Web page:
I start with these observations in order to place in proper context the current conditions of production, dissemination, and reception of contemporary art. Contemporary art today is refracted, not just from the specific site of culture and history but also – and in a more critical sense – from the standpoint of a complex geopolitical configuration that defines all systems of production and relations of exchange as a consequence of globalization after imperialism. It is this geopolitical configuration and its post-imperial transformations that situate what I call here “the postcolonial constellation.” The changes wrought by transitions to new forms of governmentality and institutions, new domains of living and belonging as people and citizens, cultures, and communities, define the postcolonial matrix that shapes the ethics of subjectivity and creativity today. Whereas classical European thought formulated the realm of subjectivity and creativity as two domains of activity each informed by its own internal cohesion, without an outside, such thought today is consistently questioned by the constant tessellation of the outside and inside, each folding into and opening out to complex communicative tremors and upheavals. Perhaps, then, bringing contemporary art into the context of the geopolitical framework that define global relations – between the so-called local and the global, center and margin, nation-state and the individual, transnational and diasporic communities, audiences and institutions – offers a perspicacious view of the postcolonial constellation. [Okwui Enwezor The Postcolonial Constellation]
The Anthropocene is the space of a new promiscuity, a brutal bringing-together of all reigns and spheres in a space suddenly devoid of boundaries. This image of a universe without fixed boundaries (without skin) allows us to better understand the ambition of Pierre Huyghe: “Not to exhibit something to someone, but to exhibit someone to something.”In the Anthropocene, everything is being exposed, and the subject has lost its monopoly on the gaze. In 1964 Jacques Lacan proposed a strikingly similar thesis: the world is an “omnivoyeur,” he explained, but without reference to the notion of human consciousness: “I see only from one point, but in my existence I am looked at from all sides.” He continued: “In our relation to things, in so far as this relation is constituted by way of vision, and ordered in the figures of representation, something slips, passes, is transmitted, from stage to stage, and is always to some degree eluded in it — that is what we call the gaze.“ This difference between vision and the gaze “in our relation to things” and “ordered in representation” could well be the key to allowing us to address the new status of the subject in the art of today.
Contemporary art plays host to a productive entanglement between the human and nonhuman, a presentation of coactivityas such: indeed, the universe is made of multiple energies working side by side or together; the work of human beings is nourished by bacteria, other mammals, or the flow of nature. In many artworks, organic growth proceeds with the operation of software, and human relations are entangled with marketing channels or algorithms. All relations among different regimes of the living and the inert are in tension. [Coactivity: Between the Human and Nonhuman by Nicolas Bourriaud]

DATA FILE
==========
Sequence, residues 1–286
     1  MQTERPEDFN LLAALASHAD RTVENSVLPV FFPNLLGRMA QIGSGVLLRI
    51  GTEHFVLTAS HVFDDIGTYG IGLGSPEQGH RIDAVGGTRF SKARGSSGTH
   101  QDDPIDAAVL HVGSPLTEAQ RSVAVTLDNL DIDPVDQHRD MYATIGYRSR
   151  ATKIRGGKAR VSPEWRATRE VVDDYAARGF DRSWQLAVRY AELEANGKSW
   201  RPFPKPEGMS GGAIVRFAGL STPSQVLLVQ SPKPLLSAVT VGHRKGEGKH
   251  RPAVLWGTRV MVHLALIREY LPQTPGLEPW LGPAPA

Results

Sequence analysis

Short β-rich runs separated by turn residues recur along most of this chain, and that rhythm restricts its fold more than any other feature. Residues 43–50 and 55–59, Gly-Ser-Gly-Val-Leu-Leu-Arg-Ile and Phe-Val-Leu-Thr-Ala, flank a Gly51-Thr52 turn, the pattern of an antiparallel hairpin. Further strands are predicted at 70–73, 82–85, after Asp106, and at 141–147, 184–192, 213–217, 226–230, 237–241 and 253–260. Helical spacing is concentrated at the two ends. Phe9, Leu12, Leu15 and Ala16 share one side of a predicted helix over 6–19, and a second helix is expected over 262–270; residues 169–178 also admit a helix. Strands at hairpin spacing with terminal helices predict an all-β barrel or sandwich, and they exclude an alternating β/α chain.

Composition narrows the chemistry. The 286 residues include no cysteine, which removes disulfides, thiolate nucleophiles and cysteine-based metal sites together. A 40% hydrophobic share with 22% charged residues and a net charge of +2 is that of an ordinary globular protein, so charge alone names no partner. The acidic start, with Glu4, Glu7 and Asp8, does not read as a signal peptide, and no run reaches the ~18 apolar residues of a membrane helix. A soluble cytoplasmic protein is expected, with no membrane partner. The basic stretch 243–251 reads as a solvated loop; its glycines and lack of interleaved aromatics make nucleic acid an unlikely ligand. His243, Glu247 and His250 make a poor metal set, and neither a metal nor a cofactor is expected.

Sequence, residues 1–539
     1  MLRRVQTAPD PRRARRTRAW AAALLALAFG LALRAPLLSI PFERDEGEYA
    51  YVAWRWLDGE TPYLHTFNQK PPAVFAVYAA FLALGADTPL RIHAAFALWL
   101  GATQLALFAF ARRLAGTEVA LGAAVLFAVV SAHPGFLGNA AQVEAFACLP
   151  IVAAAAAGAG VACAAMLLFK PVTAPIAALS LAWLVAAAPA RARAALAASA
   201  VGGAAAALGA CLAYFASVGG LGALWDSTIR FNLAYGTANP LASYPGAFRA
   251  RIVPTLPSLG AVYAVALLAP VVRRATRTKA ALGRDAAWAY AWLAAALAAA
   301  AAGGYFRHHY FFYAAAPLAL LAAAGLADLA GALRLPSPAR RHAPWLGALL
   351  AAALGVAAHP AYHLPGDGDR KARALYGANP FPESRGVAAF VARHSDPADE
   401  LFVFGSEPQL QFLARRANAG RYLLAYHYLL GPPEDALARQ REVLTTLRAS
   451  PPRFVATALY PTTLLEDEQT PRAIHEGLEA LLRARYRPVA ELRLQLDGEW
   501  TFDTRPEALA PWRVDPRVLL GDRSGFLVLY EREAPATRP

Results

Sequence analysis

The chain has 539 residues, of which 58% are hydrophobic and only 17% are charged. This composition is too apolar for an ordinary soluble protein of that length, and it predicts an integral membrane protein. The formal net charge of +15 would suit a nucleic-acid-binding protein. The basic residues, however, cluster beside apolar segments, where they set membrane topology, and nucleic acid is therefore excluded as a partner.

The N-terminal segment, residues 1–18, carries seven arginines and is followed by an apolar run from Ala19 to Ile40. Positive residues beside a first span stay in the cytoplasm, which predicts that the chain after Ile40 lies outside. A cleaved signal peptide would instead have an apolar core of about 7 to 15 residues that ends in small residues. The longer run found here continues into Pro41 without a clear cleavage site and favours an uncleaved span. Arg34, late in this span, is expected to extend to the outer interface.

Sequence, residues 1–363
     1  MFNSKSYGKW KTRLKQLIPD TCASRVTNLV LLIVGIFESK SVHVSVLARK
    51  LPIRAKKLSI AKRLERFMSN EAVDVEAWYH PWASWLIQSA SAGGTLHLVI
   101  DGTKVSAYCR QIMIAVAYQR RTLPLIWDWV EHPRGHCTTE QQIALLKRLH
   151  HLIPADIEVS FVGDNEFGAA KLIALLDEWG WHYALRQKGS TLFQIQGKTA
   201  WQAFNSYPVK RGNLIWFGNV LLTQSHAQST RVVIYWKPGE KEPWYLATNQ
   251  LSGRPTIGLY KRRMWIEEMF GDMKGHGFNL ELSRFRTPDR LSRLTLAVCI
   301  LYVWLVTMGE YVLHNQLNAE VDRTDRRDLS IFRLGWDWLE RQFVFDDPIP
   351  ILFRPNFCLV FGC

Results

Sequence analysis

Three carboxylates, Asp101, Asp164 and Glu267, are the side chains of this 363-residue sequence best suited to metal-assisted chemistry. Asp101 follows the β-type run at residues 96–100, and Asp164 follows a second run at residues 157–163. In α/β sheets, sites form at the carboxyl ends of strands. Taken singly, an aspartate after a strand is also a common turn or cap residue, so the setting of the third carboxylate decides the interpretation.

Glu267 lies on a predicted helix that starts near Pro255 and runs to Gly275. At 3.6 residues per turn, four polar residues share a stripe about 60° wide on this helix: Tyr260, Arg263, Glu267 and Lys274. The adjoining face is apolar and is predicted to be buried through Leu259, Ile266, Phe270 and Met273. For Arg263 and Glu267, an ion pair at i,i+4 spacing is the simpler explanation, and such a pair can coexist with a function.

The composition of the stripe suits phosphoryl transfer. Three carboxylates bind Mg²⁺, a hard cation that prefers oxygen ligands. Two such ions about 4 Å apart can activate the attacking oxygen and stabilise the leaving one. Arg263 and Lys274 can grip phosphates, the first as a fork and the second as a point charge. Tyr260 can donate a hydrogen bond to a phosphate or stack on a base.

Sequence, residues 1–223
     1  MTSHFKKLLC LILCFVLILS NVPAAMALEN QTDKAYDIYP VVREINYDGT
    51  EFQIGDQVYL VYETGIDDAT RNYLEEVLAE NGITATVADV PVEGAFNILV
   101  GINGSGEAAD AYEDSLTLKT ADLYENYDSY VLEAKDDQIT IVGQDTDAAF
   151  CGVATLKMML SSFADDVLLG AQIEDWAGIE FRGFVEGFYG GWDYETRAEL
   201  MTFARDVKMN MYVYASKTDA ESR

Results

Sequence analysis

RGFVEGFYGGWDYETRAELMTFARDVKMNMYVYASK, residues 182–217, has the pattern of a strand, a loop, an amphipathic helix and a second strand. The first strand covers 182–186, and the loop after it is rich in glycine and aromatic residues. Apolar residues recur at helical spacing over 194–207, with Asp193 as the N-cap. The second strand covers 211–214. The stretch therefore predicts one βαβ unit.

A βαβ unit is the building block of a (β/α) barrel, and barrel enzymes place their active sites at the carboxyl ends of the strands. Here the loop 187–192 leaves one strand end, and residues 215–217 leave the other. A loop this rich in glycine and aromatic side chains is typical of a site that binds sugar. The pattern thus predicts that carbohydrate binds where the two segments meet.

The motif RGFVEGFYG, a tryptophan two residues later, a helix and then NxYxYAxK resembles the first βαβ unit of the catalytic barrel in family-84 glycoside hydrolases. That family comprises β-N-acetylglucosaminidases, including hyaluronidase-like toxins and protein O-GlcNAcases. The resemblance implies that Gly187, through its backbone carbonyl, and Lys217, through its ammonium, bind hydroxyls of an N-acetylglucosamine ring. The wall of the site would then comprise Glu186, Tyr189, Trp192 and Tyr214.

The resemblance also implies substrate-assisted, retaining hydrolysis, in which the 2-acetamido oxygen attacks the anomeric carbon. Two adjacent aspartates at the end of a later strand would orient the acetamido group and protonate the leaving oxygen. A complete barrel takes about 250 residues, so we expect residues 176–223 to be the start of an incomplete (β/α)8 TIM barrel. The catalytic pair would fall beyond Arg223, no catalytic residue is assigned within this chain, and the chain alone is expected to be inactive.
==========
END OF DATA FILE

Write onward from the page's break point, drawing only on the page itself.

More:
BACK IN 2009, Nicolas Bourriaud explained in the manifesto accompanying his “Altermodern” exhibition at Tate Britain in London that “multiculturalism and identity is [sic] being overtaken by creolisation.” Setting it apart from multiculturalism, which is based on the fusion of different categories of race and gender, Bourriaud defines creolization as a process of cultural nomadism, where one can wander, identity unfixed, among a globalized “archipelago” of signs and codes.
While I agree with much of what Bourriaud says, I bring him up because I’m tired of white male thinkers who keep dismissing identity as if it’s some denim cut that’s no longer in fashion. Try telling an Egyptian waiter in Amsterdam that he’s no longer burdened by his ethnicity and religion, that he is now free to wander as a cultural flaneur. He’d tell you to fuck off. Today, given the world’s turbulent waves of racial unrest, Bourriaud’s comment couldn’t be more out of sync. I’m also unsure how creolization can “overtake” identity when creolization has always been a part of identity; translation, global connections, and shape-shifting have been essential to who I am. [Cathy Park Hong on Artists and Identity]
We have reached a point where we cannot have one homogenized narrative, one view of the future, a singular idea of what constitutes the good life, even though we have inherited certain monolithic cultural, social, and political ways of thinking about the world. This monolithic narrative has become increasingly untenable and can no longer hold. That’s why George W. Bush and the neocons’ version of enlightened despotism did not take hold in Afghanistan and Iraq. That’s why there are multiple insurgencies occurring around us—political, intellectual, philosophical, economic. There is a search for alternatives.
One must rethink what the multiple frames of reference might be, what other paths might constitute new versions of the future, and the direction each might take. What if, say, in Nigeria we don’t get it right? And we don’t become like London, don’t have the same luxury brands, along the same streets, owned by the same two companies? What if Beijing does not become like Washington? Is it possible to have multiple ways of looking at social conditions that are not necessarily in alignment with the dominant Western ways of thinking? [Okwui Enwezor in conversation with Michelle Kuo]